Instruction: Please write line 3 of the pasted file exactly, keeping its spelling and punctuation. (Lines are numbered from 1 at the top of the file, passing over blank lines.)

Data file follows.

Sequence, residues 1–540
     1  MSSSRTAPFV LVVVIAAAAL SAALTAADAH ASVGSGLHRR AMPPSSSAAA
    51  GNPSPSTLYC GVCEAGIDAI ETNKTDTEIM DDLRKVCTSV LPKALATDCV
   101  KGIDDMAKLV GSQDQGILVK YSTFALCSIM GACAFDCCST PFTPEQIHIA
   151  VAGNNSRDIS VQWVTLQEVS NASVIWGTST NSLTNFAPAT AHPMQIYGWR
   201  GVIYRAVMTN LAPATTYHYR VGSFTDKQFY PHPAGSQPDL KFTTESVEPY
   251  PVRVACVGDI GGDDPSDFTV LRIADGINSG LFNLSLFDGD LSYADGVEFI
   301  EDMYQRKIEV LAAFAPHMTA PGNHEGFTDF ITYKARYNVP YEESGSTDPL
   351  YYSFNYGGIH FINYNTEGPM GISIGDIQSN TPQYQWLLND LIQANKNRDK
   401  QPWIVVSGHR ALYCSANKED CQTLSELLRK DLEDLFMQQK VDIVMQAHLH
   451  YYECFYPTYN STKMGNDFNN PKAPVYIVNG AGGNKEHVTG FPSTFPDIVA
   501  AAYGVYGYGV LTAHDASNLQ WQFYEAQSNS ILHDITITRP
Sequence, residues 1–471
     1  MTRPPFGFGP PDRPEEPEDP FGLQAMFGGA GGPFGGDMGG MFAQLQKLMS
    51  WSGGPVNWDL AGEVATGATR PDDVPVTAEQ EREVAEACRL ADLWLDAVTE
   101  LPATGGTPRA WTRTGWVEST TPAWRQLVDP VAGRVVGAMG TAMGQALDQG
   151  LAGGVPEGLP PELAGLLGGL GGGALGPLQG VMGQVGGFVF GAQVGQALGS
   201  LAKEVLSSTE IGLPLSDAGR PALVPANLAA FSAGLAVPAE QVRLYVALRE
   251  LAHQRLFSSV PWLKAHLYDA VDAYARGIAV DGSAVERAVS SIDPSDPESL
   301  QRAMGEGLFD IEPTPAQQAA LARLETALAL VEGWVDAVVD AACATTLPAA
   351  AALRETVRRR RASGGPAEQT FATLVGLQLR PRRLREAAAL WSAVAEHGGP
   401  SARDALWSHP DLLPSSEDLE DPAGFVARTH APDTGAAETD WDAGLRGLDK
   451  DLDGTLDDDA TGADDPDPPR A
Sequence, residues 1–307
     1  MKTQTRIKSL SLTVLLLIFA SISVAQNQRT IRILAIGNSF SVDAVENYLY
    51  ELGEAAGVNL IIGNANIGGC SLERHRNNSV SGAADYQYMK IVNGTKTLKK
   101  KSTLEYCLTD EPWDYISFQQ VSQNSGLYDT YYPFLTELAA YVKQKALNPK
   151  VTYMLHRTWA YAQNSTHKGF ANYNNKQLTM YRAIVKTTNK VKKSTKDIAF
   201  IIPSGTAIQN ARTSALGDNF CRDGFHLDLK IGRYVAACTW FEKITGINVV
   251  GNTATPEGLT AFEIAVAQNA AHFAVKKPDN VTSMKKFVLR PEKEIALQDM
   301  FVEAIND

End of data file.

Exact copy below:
    51  GNPSPSTLYC GVCEAGIDAI ETNKTDTEIM DDLRKVCTSV LPKALATDCV